The Ides of March came one day early this year. At first glance, a California appellate court ruling on March 14th seemed to imperil the concept that the work of Crisis PR firms is protected by attorney/client privilege. This would be a serious reversal of long-standing legal precedents.
But not so fast. Don’t throw the baby out with the bathwater just yet.
Privilege does exist, unless someone messes up. That’s what happened in this case — although if you skim the 31-page ruling quickly, you may miss it.
Problem: For attorney/client privilege to apply, the strategic communications firm must be an integral part of the legal team. This means it must be hired by the lawyer as part of his legal representation of the client.
This is where things went south.
In this case — Behunin v. Superior Court (Schwab), the client screwed the pooch with ill-considered comments in which he took sole credit for and ownership of the PR firm’s work. This created the perception that the client’s lawyer played only a peripheral role and wasn’t controlling the PR firm’s work.
A redacted letter from the strategic PR firm appeared to say the right things, claiming its goal was “to develop and deploy strategy and tactics of [the] legal complaint.” But other material told a different story.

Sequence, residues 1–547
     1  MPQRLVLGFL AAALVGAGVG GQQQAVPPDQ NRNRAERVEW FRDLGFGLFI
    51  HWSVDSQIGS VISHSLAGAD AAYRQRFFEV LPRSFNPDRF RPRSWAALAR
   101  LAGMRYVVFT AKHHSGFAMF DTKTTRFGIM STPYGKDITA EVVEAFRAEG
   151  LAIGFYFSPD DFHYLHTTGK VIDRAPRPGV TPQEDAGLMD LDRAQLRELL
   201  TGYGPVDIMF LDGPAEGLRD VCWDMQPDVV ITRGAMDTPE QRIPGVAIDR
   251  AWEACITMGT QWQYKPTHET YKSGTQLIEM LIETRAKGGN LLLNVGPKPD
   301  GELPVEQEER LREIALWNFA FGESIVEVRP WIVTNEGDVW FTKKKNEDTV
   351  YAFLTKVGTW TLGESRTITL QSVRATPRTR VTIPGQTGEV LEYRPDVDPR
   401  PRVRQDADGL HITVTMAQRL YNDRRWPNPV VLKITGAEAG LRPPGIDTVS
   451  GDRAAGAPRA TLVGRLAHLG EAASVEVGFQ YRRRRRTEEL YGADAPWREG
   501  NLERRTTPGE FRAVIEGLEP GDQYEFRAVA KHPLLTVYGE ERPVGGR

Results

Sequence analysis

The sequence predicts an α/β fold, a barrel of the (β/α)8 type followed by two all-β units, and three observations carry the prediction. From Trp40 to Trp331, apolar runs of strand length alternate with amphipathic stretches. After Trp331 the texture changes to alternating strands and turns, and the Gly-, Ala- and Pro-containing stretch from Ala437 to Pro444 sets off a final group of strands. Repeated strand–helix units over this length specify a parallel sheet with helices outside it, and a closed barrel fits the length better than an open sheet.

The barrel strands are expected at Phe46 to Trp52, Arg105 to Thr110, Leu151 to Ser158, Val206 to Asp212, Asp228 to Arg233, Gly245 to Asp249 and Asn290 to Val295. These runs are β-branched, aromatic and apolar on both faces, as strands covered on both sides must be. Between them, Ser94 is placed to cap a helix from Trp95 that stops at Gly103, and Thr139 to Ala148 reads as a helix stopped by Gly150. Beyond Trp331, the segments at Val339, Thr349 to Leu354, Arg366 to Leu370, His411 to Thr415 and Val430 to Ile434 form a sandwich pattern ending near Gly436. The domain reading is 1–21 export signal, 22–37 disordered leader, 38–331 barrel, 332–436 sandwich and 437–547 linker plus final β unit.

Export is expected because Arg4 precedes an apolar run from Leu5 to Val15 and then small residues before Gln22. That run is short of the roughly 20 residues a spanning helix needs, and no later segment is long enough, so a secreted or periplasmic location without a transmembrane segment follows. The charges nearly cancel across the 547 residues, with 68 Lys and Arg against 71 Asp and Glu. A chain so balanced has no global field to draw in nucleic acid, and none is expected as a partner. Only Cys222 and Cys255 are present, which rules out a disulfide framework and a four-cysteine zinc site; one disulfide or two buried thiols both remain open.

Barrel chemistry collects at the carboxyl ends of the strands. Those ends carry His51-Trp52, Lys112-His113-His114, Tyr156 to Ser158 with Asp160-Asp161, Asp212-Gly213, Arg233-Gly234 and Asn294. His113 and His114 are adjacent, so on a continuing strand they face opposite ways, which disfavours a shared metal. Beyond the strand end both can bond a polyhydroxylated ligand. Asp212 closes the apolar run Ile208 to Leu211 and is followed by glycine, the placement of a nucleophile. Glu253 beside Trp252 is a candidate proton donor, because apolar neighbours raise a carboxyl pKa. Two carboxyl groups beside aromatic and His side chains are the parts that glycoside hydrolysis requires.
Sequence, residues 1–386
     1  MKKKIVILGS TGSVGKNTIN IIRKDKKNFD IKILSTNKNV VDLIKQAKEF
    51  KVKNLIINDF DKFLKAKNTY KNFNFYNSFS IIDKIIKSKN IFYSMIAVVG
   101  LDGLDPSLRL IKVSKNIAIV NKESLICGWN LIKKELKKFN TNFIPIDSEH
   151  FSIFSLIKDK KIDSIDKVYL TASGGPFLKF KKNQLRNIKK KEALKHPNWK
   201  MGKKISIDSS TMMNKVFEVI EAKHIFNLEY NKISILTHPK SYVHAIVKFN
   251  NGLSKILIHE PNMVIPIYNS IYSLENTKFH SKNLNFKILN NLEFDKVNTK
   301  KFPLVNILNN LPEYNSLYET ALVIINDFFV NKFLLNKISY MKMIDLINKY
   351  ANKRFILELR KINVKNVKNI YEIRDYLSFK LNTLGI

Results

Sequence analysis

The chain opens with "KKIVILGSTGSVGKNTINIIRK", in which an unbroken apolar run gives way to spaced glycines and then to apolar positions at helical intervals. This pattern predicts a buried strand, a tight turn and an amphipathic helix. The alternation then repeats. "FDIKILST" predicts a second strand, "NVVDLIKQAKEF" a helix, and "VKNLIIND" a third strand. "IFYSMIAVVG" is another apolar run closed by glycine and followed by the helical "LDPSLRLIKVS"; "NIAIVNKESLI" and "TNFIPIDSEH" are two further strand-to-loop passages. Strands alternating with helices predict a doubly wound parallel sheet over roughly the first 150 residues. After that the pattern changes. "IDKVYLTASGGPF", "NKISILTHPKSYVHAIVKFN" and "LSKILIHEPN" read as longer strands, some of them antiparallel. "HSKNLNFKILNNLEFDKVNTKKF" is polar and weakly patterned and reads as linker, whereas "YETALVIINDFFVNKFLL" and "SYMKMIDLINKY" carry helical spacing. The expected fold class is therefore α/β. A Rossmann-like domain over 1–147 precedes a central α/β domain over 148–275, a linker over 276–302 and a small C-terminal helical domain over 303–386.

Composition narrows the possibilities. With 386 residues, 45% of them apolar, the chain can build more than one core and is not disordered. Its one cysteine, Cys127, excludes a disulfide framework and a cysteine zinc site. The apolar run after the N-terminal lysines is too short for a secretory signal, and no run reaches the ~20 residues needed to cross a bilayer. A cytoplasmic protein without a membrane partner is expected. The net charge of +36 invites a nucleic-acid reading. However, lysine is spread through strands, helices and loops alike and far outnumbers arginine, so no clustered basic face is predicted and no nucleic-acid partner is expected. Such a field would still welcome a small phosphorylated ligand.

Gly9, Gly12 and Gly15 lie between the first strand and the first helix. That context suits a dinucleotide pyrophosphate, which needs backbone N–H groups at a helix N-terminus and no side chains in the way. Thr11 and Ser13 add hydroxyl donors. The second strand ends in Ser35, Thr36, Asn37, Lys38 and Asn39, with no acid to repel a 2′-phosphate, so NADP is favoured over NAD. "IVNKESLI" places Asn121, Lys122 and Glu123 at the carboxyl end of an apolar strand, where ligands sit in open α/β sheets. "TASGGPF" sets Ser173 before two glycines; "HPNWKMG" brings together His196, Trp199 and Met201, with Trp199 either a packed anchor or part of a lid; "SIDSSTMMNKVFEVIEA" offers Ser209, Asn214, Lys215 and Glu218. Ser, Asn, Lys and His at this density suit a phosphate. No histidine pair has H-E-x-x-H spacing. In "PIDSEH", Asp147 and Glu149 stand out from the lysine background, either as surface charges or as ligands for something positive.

An unredacted earlier draft of the same letter admitted that all work by the strategic PR firm was the “sole and exclusive property” of the client (not the lawyer).
Further, the client said his lawyer “played no role in the creation or publication of [the material]. . . . [T]hat website and the content contained in the website were created by me and a public relations firm with which I was working. [The lawyer’s] only role was, at my specific request, to enter into a contract on my behalf with that public relations firm.”
In a coup de grace, the client said his attorney “merely acted as a liaison between myself and the public relations firm without knowledge of or connection to the substance of the website. The website always has been and remains my sole and exclusive property.”
Solution: In short, the client and his PR firm, in this case, shot themselves in the foot — many times over.
This ain’t the way do it. To protect privilege, a strategic communications firm must carefully structure the relationship to make clear it is part of attorney’s legal team. And it must conduct its work accordingly.
We do, assiduously. Confidentiality is at stake. There’s no room for carelessness.
But as a private investigator and good friend said earlier this week, “There’s always something.”
To celebrate the launch of our two books, we’ve made the Kindle version of each available for only $0.99! Check out A Board Member’s Guide to Crisis PR and A Lawyer’s Guide to Crisis PR (Second Edition) on Amazon.
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Gillott Communications is a Strategic PR firm. We’re Fixers. Crisis & Reputation Management. Litigation. Media Relations. Crisis Prep. More than half a century of expertise working with clients to resolve issues both in and outside the media’s glare — in their professional and personal lives.
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